By David Wilfong, NDG Contributing Writer
On Aug. 24 the Lincoln Motor Company unveiled its new “Lincoln Experience” at The Star, Dallas Cowboys’ world headquarters in Frisco. The Lincoln Experience is intended to be the ultimate car clubhouse, where visiting patrons can enjoy a cup of coffee and peruse the latest offerings.
The interior of the Lincoln Experience is filled out in style. The walls and floors reflect luxury and surround a beverage station formed in an abstract homage to a vehicle hood. Color swatches are displayed like modern art on the walls, and interactive multimedia stations help visitors familiarize themselves with anything Lincoln. Of course, floor models of the latest Lincoln vehicles also reside in the two-level center.
When it came time to introduce the latest Navigator, a young man stepped forward and began by proclaiming himself, “the biggest Dallas Cowboys fan in this room.” Earl Lucas, chief exterior designer for the Lincoln Navigator, grew up in Dallas – Oak Cliff to be specific – and the opening of the new center was a special day for him.
“Dallas is my home,” Lucas said. “My parent’s only sister and friends still live there. To come home and be part of the opening of the Lincoln Experience Center is a narrative that I could have never written for myself. Growing up in Oak Cliff – if someone would have told me that I would be designing cars for Lincoln, I would have told them, ‘I don’t believe you.’ I grew up a big-time Dallas Cowboys fan and to see the Lincoln Experience Center as part of that campus just outside the Cowboys Ring of Honor … warms my heart and makes me feel a sense of accomplishment. God is good.”
Lucas is a graduate of Dallas ISD’s Booker T. Washington, a high school that once served as the African-American high school in Dallas, but in recent years is known as “Arts Magnet.” Graduates have included many famous musicians who are household names, but Lucas was a part of the visual arts program, whose alumni may not be seen as often on TV, but who make their mark in various industries as well.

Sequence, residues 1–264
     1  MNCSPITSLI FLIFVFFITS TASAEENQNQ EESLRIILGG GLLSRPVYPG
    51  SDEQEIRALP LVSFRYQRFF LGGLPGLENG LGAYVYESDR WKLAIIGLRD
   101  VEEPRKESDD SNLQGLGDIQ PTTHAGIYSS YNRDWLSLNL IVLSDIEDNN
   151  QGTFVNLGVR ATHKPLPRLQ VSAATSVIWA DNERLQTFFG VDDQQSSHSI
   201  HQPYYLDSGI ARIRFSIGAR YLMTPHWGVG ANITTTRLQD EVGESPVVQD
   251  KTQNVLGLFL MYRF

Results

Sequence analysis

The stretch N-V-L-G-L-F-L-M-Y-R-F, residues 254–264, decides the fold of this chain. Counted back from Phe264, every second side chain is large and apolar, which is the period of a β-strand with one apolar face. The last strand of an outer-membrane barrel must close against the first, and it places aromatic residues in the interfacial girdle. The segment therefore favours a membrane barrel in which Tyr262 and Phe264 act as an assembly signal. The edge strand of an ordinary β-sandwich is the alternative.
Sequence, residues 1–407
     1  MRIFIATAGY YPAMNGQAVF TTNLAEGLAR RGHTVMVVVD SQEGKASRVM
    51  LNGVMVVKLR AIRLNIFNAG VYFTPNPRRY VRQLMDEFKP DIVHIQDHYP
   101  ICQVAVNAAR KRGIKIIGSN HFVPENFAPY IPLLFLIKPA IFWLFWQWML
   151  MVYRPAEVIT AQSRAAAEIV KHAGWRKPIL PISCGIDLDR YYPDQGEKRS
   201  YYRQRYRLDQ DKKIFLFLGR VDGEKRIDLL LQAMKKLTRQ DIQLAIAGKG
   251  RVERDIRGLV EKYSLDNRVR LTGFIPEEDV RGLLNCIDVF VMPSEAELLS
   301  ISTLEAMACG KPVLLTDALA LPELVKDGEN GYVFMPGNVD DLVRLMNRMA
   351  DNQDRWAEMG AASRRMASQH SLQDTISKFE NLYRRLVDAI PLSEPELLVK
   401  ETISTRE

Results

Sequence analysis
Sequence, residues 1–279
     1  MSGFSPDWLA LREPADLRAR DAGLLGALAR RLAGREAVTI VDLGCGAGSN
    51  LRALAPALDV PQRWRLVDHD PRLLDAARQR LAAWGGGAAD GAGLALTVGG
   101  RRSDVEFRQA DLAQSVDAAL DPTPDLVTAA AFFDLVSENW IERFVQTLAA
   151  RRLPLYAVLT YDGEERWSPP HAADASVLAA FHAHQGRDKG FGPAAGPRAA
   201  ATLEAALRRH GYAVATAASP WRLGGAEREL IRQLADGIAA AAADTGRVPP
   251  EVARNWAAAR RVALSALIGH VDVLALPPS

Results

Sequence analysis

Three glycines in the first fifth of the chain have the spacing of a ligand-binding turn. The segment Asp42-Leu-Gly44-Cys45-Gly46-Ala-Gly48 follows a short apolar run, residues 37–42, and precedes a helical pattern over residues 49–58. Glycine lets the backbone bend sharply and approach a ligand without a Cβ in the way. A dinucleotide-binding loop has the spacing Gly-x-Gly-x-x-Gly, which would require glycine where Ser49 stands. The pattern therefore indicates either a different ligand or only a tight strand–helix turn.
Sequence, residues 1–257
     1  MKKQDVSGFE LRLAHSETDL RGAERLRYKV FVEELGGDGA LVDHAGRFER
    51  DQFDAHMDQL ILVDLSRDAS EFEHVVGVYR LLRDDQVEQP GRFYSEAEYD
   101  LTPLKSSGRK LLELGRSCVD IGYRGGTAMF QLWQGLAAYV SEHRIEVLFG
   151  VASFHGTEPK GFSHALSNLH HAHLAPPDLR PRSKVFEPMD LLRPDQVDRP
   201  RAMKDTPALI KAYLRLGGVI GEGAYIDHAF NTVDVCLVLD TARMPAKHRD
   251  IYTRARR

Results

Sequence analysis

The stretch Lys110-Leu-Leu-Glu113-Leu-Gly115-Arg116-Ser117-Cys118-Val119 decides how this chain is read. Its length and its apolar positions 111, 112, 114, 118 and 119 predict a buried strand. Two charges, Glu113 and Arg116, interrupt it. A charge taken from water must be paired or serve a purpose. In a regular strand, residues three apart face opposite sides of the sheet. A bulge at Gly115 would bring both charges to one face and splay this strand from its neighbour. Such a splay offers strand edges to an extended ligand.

“My experience at Booker T. Washington was only filled with creative freedom and a place that allowed my interest in art to blossom into the career I have today,” Lucas said. “Arts (as it was referred to when I attended) allowed me to be surrounded by teachers and students that enjoyed painting, jewelry making, dreaming of ‘what if’ and most of all for me drawing. When I finished and went on to College for Creative Studies (in Detroit, Mich.), my understanding and abilities of artistic fundamentals was more advanced than the incoming students. In essence, Arts gave me an advantage and prepared me for success as a car designer by exposing me to different artistic expressions.”
Following college, Lucas dove into the auto industry with the Ford Motor Company, which also owns the luxury Lincoln brand.
“To work for a premium brand like Lincoln is truly a highlight in my 19-year career at Ford Motor Company,” Lucas said. “After completing a three-year International assignment in the UK (living in London), I was requested to return to the US and assigned to the Lincoln Motor Company. My role as a Chief Designer came by way of working on a number of significant programs for the Blue Oval. I am blessed to have designed and worked on many programs and acquired the skill necessary for the role of Chief Designer.”
With that role came the opportunity for the one-time art student to put his mark on one of the premiere SUVs on the road. The Lincoln Navigator is not only packed with creature comforts on the inside, the exterior of the vehicle is the result of painstaking planning, as Lincoln wants it to stand out at first sight.
“When it comes to the design, the feature I am particularly proud of is the signature face or front end of the Navigator,” Lucas said. “Lincoln products are all about seduction and human surface language, so creating the Navigator’s face was a big challenge … literally. The scale of the grille and size of headlamps by definition can be imposing and intimidating. However, we were able to create a confident face that speaks Lincoln and gives a sense of protection to the passengers on the inside.”
While his career path has followed a wide track from Oak Cliff to London and back, Lucas says Big D is always on his mind, and he makes a point to remind himself of his home turf every single day.
“In my office is a huge photo of downtown Dallas,” Lucas said. “I think of Dallas often and consider the lessons learned on her streets integral to my accomplishments. Know this Dallas – no matter my travels, my design assignments and our final products – I am forever linked and take her everywhere. My growth started from that origin and I hope that she is proud of me.”